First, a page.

Sen. Cotton: Detention of Putin Critic ‘Shows The World Just How Corrupt and Oppressive His Regime Truly Is’

By Patrick Goodenough | January 28, 2018 | 8:16 PM EST

Police move in to arrest Alexei Navalny, visible in the background, in Moscow on Sunday, January 28, 2018. (Screen capture:

( – Russian police on Sunday detained opposition activist Alexei Navalny as his supporters rallied across the country, calling for a boycott of elections next March which are expected to deliver President Vladimir Putin another six-year term.

Navalny had himself hoped to challenge Putin, but Russia’s central election commission (CEC) ruled a month ago that he may not contest the race, due to a suspended prison sentence for fraud. The Supreme Court last week rejected an appeal against the decision.

Navalny was detained in Moscow as he moved to join a group of protestors, about 1,000-strong, in a major thoroughfare in the capital. Video posted online show him being manhandled onto a police bus, as supporters voiced their discontent.

“Vladimir Putin has once again thrown Alexei Navalny in jail because he is afraid of his own people – and what they would do if they were free,” Sen Tom Cotton (R-Ark.) said in a statement responding to the news.

“Every time he imprisons an opposition leader, it only shows the world just how corrupt and oppressive his regime truly is.”

Sen. Marco Rubio (R-Fla.) also reacted, tweeting, “I stand with protesters across Russia who are fighting for a free and democratic Russia. I call for the immediate release of opposition leader Alexei Navalny.”

The pro-Kremlin RT television network quoted police officials as saying the anti-corruption campaigner would face charges for violating “the established procedure for organizing or holding a meeting, rally, demonstration, procession or picketing.” However Navalny’s lawyer said late Sunday he had been released without charge.

According to Navalny’s camp, protests were reported in scores of locations, from Kaliningrad – the exclave or Russian territory abutting Poland and Lithuania – to cities in Siberia nine time zones to the east, including Yakutsk where temperatures of minus 45 degrees Fahrenheit were recorded.

Anti-Putin demonstrators in central Moscow on Sunday, January 28, 2018. (Screen capture:

Protestors’ chants included “Putin is a thief,” “Russia without Putin,” “Boycott the election,” “Down with the czar” and – Navalny’s own chant seconds before he was detained – “swindlers and thieves!”

Non-governmental monitors said around 250 people were detained, in Moscow, St. Petersburg and other cities, including Cheboksary, about 300 miles east of Moscow, where 50 arrests were reported.

A spokesman for the Russian interior ministry told TASS that most of the rallies in 46 regions across the country had attracted several hundred people at most. Some of the rallies had been approved beforehand, although Moscow city authorities had not authorized the one in the capital.

During the day police also broke into Navalny’s offices in southeast Moscow, taking a power saw to a door to gain entrance and claiming they were responding to a bomb threat. The raid appeared designed to shut down live broadcasts covering protests that had begun earlier in time zones to the east.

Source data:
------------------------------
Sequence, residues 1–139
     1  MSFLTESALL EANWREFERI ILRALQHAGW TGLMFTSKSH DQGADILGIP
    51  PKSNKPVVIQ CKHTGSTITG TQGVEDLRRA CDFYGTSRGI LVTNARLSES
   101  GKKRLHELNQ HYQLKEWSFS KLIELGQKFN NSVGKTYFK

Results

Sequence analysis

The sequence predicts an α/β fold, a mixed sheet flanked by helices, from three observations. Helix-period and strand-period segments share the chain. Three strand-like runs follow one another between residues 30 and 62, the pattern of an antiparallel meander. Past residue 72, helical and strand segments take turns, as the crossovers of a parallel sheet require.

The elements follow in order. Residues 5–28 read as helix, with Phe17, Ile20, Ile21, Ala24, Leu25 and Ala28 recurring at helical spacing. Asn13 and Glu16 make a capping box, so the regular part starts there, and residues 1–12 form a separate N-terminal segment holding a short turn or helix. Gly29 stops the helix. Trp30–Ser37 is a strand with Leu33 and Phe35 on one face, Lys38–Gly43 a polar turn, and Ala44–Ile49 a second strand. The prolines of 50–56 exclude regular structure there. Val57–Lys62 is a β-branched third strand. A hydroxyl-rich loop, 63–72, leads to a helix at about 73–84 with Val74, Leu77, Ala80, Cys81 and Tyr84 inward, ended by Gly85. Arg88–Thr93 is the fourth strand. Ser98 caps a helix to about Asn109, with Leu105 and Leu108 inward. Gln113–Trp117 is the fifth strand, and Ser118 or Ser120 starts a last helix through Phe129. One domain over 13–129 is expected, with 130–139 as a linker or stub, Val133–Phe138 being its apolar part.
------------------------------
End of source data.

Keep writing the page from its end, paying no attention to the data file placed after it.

Turnout quest

There was no immediate reaction from the Trump administration to Sunday’s events.

Last month a State Department spokesman voiced concern about the CEC decision to disqualify Navalny, prompting a Russian counterpart to accuse the U.S. of meddling in Russia’s internal affairs.

The “voters’ strike” rallies protested the decision to bar Navalny from running and called on Russians to stay away from the March 18 election, which many fear will offer the autocratic incumbent no real contest.

Supporters believe the legal problems preventing Navalny from the campaign were designed to prevent a credible challenge to Putin, who is seeking a fourth term as president but has been at Russia’s helm as president or prime minister since 1999. A win in March would extend his tenure to 2024.

Russian police dragged Alexei Navalny into a police bus shortly after he attempt to join protestors gathering in central Moscow. (Screen capture:

While Putin is widely expected to win handily, Navalny supporters hope a low turnout will further delegitimize his administration.

Putin won the 2012 election with 63.6 percent of the vote. The turnout was 65 percent, and the Putin camp is keen to see that rise to 70 percent this time. (Turnouts were 69 percent in the 2008 presidential election – when Putin handpicked Dmitry Medvedev to be the candidate – 64 in 2004 and 68 in 2000.)

Some Putin critics disagree with the tactic of boycotting the polls. Navalny himself has said if people do want to vote, they should support Grigory Yavlinsky, the presidential candidate for the liberal Yabloko party.

The CEC barred Yavlinsky from running in the last election, in 2012. He last ran in 2000, garnering less than six percent of the vote and coming in third behind Putin and Communist Party leader Gennady Zyuganov.

The field in the March election offers little opposition to Putin. Several candidates have dropped out, including Zyuganov who has run in four presidential election campaigns, and businessman Anton Bakov, leader of the country’s first legal monarchist party since the 1917 Bolshevik revolution.

A recent opinion poll has Putin at 67 percent, compared to six percent for Vladimir Zhirinovsky of the ultra-nationalist Liberal-Democratic Party; six percent for the Communist Party’s replacement for Zyuganov, Pavel Grudinin; and just one percent for Yavlinsky.


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Patrick Goodenough
Patrick Goodenough
Spencer Journalism Fellow